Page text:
Mainstream and industry press have written widely on the gradual withdrawal of banks—the traditional primary liquidity providers—from the spot FX markets over the past few years. The typical narrative is that reduced appetite for risk, controls on capital at banks, as well as juniorization of dealer staff have all contributed to this withdrawal. The general consensus seems to be that (a) liquidity is getting more expensive, and (b) while spreads are narrow in times of normal volatility, in times of market stress dealers effectively pull away from the markets, contributing to extreme volatility and events like flash crashes.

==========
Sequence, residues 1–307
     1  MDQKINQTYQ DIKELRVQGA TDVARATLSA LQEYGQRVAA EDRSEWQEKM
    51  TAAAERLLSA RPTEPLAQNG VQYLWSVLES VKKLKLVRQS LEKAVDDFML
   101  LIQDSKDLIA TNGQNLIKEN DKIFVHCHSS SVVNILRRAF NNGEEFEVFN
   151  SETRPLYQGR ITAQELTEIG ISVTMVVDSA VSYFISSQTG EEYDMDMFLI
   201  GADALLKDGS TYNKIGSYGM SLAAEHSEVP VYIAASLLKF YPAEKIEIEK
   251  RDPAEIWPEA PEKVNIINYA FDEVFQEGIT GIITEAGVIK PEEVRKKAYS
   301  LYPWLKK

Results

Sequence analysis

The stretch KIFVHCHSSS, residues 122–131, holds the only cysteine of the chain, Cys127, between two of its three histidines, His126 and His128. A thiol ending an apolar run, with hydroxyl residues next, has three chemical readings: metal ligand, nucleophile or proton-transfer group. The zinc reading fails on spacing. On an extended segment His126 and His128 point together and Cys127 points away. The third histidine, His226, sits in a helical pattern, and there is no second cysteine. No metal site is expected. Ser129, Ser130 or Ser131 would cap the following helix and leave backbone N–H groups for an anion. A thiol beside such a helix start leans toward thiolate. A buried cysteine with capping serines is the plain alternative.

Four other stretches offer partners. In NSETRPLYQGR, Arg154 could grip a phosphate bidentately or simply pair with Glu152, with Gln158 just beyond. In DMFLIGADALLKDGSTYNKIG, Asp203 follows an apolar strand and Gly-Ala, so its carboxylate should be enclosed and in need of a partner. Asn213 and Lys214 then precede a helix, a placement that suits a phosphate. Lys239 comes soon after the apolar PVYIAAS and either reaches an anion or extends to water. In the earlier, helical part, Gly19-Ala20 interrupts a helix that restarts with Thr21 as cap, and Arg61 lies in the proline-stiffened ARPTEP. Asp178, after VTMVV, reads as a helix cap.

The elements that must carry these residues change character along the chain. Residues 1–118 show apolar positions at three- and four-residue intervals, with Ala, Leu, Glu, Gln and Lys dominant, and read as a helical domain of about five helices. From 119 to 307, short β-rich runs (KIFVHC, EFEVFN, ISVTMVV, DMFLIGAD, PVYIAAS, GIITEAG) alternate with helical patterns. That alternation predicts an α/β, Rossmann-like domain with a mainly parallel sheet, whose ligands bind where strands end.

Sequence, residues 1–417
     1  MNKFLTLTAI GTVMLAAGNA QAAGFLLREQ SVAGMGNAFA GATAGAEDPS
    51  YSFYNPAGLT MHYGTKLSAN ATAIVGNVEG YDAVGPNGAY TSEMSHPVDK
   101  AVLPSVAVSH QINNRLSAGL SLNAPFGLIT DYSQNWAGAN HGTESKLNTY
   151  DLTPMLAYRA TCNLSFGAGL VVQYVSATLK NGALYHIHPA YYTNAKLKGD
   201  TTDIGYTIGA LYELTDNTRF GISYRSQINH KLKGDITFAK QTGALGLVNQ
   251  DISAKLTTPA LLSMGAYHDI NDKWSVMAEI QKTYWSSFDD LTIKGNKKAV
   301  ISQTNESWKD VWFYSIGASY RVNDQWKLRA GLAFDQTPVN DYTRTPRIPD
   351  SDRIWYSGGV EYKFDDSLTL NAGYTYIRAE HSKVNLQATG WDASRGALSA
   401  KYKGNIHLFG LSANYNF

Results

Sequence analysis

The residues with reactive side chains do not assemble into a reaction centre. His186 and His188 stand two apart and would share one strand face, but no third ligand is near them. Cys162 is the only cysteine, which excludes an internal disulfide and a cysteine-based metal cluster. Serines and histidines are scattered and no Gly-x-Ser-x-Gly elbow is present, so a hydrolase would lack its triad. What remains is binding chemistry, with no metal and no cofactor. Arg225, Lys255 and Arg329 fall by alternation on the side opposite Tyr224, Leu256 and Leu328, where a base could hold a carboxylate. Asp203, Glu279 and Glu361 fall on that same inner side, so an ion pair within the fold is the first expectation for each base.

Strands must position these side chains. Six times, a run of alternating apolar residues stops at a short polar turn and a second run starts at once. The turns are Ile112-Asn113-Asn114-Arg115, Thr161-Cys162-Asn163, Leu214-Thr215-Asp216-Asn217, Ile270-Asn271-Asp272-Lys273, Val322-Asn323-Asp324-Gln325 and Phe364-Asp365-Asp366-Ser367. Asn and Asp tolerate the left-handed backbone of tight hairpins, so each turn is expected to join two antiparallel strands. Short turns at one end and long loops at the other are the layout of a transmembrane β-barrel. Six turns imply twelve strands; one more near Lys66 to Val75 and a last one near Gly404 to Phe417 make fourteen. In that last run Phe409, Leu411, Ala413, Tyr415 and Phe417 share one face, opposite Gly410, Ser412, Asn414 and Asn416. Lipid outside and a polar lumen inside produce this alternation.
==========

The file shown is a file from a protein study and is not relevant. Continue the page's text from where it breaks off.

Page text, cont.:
In this research note, we aim to contribute to this discussion by reporting data on how often banks actually “step back” from providing meaningful liquidity to the FX markets— individually and (more importantly) as a group. We find that events in which banks actually stop providing liquidity are exceedingly rare.